Fresh faces, new themes, bold experiments: Best of Malayalam cinema in 2016

From juvenile love to caste politics, Malayalam cinema explored many a territory with guts and gumption.
Fresh faces, new themes, bold experiments: Best of Malayalam cinema in 2016
Fresh faces, new themes, bold experiments: Best of Malayalam cinema in 2016
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2016 was an interesting year for Malayalam cinema, with fresh faces, new themes, and reinvented avatars of familiar faces populating the canvas. From juvenile love to action thrillers, caste and minority politics to comedy, Malayalam cinema explored many a territory with guts and gumption, even if the efforts may not have translated flawlessly to the big screen always. Here's a look at some of 2016's most absorbing films.

A small film that takes on a giant subject, Kismath was Kerala's Sairat. This love story between a Muslim boy (Shane Nigam) and a Hindu girl (Shruthy Menon) who belongs to the Scheduled Castes and is older than him, impressed audiences and critics alike. 
That it's based on a real life story which exposes the ugly face of a "progressive" society like Kerala makes it all the more relevant. Directed by debutant Shanavas K Bavakutty, the film courageously handles a politically volatile subject like love jihad with a lightness of touch that saved it from the routine sentimentalism of films that talk of forbidden love. The performances of its lead pair and Vinay Forrt who plays the villainous cop, were fantastic. 
Dulquer Salmaan was a revelation in this epic-like film -directed by Rajeev Ravi- which traced the story of a young boy caught in gang wars and whose life is forever under the shadow of violence. As Krishnan, Dulquer plays the role of a teenager who gradually ages into a greying middle-aged man haunted by his past.
Like KismathKammatipadam, also takes on caste politics, with Krishnan's best friend Ganga (Vinayakan) coming from a Dalit community. The film had the dusky Shaun Romy playing the female lead and her unusual pairing with Dulquer was a refreshing departure from the conventional heroine we're used to seeing.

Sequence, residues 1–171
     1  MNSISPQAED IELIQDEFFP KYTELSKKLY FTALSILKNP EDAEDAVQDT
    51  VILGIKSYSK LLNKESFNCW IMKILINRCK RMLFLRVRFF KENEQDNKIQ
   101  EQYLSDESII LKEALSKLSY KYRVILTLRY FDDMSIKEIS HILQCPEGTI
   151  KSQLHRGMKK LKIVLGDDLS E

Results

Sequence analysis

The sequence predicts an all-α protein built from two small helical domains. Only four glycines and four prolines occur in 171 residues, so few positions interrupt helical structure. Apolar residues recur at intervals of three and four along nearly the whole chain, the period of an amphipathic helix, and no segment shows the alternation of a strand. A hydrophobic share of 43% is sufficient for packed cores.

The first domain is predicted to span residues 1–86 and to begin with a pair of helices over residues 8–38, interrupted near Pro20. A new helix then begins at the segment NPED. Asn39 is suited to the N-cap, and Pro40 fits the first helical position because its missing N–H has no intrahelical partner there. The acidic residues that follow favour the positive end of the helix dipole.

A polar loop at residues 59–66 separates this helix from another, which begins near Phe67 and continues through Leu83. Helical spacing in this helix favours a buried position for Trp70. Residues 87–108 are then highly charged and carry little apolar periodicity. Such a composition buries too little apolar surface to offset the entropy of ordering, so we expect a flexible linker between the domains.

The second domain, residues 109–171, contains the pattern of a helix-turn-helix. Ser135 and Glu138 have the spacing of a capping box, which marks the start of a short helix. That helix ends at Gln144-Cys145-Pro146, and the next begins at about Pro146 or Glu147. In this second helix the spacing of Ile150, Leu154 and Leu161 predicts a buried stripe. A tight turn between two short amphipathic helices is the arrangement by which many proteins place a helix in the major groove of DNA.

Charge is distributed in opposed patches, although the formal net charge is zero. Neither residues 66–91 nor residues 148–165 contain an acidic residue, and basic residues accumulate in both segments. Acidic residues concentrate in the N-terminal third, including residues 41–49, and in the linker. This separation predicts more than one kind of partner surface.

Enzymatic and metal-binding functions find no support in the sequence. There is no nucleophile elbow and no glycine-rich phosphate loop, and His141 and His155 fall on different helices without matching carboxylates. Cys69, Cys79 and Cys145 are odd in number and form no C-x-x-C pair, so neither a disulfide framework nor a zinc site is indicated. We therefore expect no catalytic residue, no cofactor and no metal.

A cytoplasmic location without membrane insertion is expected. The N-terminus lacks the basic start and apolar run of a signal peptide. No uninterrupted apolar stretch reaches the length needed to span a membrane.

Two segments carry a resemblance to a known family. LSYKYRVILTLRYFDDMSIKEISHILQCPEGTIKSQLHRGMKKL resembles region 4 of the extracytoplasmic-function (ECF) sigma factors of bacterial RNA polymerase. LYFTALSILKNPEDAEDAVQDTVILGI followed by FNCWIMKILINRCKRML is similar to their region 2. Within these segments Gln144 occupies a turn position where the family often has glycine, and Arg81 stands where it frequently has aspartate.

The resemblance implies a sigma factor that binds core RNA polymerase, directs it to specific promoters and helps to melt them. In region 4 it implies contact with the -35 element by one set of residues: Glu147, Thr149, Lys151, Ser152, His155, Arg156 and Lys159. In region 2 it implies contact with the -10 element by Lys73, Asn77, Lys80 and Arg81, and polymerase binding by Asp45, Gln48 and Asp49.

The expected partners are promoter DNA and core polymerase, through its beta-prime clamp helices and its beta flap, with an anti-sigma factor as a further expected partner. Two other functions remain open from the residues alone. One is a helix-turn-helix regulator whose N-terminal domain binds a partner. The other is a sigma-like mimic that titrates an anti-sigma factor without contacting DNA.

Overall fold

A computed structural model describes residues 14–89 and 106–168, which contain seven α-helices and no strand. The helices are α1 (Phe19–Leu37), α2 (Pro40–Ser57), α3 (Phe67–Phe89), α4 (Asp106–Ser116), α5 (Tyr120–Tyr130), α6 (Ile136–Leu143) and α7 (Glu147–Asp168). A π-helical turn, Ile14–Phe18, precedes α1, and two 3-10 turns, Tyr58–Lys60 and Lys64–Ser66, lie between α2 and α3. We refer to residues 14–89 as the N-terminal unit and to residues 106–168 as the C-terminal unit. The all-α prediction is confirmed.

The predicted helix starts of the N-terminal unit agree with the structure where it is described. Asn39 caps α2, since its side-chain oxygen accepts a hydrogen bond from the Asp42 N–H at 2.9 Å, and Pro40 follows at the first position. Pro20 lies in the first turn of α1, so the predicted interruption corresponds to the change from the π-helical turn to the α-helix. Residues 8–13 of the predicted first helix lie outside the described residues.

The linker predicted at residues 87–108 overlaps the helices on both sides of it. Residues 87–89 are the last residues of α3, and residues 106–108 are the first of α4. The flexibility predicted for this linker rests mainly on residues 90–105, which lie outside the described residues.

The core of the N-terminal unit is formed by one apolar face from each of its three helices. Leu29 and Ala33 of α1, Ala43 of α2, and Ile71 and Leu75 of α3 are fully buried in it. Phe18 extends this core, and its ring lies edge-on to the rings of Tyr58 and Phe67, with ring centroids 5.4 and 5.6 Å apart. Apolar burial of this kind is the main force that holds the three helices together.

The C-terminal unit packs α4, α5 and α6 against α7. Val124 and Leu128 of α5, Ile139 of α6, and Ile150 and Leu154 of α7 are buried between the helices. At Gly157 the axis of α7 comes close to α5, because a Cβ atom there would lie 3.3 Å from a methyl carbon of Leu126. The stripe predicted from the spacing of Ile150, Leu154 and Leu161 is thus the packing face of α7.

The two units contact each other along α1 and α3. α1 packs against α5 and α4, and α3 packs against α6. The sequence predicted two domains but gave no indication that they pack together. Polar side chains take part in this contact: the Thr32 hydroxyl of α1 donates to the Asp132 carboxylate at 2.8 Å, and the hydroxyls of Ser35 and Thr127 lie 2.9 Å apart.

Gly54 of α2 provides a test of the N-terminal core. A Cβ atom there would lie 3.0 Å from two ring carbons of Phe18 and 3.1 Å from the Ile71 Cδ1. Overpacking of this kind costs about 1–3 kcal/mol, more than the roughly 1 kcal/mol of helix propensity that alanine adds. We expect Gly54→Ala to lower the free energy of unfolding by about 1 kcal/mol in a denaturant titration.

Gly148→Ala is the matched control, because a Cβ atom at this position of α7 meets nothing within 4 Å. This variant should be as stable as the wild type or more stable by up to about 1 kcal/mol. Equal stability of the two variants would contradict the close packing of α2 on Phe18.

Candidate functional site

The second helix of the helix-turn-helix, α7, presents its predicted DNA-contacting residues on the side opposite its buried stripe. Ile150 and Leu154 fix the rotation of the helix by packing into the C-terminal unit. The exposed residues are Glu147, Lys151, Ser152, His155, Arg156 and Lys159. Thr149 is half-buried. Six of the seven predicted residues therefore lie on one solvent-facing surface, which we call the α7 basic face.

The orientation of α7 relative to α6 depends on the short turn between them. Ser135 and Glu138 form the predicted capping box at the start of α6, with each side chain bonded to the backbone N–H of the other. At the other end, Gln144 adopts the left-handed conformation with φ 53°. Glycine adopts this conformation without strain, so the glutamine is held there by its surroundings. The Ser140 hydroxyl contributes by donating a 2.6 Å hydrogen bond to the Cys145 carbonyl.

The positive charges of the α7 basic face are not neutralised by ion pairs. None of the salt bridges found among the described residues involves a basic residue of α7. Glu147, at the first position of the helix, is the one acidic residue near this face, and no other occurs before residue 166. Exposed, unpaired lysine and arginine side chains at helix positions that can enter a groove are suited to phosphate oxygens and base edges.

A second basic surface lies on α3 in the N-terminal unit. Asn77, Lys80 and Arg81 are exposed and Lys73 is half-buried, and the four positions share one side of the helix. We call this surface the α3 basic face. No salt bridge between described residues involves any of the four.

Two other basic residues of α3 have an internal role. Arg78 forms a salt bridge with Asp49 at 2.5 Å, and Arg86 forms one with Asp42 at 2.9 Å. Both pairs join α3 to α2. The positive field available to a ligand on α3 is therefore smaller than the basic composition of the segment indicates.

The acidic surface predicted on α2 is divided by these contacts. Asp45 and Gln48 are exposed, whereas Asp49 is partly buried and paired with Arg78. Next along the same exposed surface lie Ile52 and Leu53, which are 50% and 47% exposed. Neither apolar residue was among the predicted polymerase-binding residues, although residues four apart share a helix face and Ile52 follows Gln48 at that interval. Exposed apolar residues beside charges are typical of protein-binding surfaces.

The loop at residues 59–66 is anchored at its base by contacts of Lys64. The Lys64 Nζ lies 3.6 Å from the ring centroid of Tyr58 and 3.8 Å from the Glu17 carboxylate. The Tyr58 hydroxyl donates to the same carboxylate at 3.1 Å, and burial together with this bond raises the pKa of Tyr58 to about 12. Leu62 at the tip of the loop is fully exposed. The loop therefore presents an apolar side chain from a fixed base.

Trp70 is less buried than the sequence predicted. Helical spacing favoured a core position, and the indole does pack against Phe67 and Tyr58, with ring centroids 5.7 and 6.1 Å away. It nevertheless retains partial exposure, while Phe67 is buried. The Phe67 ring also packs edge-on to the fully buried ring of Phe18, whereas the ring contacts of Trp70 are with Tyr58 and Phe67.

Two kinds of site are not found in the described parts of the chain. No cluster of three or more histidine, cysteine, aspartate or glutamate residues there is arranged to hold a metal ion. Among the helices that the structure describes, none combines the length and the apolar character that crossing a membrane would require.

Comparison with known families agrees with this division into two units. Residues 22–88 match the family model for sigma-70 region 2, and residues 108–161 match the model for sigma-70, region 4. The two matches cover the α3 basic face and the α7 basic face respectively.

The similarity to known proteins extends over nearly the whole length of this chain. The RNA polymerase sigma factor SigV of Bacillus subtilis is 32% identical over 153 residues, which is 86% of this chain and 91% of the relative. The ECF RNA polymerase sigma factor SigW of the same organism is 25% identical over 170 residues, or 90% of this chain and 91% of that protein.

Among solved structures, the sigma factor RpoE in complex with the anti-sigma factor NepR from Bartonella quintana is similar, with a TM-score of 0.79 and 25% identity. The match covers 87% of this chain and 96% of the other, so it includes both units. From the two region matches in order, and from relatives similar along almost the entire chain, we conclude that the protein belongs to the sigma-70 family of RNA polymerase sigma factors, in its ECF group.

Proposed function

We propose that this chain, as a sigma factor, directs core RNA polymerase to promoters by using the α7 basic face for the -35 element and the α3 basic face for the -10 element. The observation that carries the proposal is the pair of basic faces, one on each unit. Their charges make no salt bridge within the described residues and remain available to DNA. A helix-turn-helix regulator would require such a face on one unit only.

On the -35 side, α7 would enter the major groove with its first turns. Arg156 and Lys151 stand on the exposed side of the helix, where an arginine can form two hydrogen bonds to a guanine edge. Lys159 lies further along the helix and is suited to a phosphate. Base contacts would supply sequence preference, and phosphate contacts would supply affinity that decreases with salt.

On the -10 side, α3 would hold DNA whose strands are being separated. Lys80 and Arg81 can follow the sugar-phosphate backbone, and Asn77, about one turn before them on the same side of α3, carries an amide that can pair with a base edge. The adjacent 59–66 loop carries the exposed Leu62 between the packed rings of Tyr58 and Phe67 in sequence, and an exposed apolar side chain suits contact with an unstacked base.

Though a tad too long and sometimes repetitive, Kammatipaadam stood out for its attention to detail and its painstaking willingness to allow its characters to grow and come of age.
An edge-of-the-seat thriller, Kali was about Siddharth (Dulquer Salmaan), a young man with anger issues and his wife Anjali (Sai Pallavi) who struggles with his rage. Siddharth's quick temper lands them in a nightmarish situation in a deserted area. 
The tense, taut plotting of the film was ably complemented by the stellar performances of its cast, including Chemban Vinod Jose who played the leery and menacing villain. Directed by Sameer Thahir, Kali  managed to keep its delicious suspense alive right to the end. 
Maheshinte Prathikaaram
Comedy in a revenge film is rare but that's what sets apart Mahesh's (Fahaadh Faasil) "prathikaaram". This story about a small-time photographer and his circle of friends and enemies, ably directed by Dileesh Pothan, is the kind of film that's Malayalam cinema is known for - the attention to detail, the insight into human nature, and the ordinary dreams and ambitions of ordinary people. An entertaining film that's considered to be among Fahaadh's finest till date.
Action Hero Biju
As far as human rights are concerned, this film about a police officer and the various cases he encounters is on a sticky wicket. Directed by Abrid Shine, the "action hero" in question was played by Nivin Pauly, and involved a good amount of justifications for police brutality. 
But that apart, this was an unusual cop story which followed an episodic structure and showed us the human side of a character who is usually glorified in films that are of this genre. 
There was plenty of humour too, with the narrative taking us through the many big and small encounters of a police officer's life. Though not without its flaws, Action Hero Biju was an experiment that Nivin Pauly managed to pull off admirably.
A multi-starrer about juvenile love, Aanandam directed by Ganesh Raj was a campus entertainer with refreshing ideas about love, gender, and life. The film is about a group of seven friends (new faces) who go on a college trip. 
Funny and insightful by turn, Aanandam quietly overturned many stereotypes about romance and relationships without making a big song and dance about it. Heartening all the more because its a feel-good film that's unapologetically youth-centric. 
Mohanlal's record-breaking Pulimurugan would have found a place in the list if not for its regressive ideas about women, crass comedy, and its rather surface-level portrayal of the human-animal conflict. 
Other films that deserve mention are Kattapanayile Ritwik Roshan (for taking a reflexive look at the film industry and beauty standards), Kochavva Paulo Ayyapa Coelho (a sweet film about a boy's burning ambition to fly in a plane), Oppam (mainly for Mohanlal's terrific performance as a visually impaired man hunted by a dangerous criminal) and Anuraga Karikkin Vellam (for its little insights on relationships and everyday life).

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